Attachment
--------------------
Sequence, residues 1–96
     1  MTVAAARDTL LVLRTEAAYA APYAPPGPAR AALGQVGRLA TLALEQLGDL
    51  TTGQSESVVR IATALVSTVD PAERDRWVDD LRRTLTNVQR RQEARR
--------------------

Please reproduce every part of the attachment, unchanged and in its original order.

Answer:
Sequence, residues 1–96
     1  MTVAAARDTL LVLRTEAAYA APYAPPGPAR AALGQVGRLA TLALEQLGDL
    51  TTGQSESVVR IATALVSTVD PAERDRWVDD LRRTLTNVQR RQEARR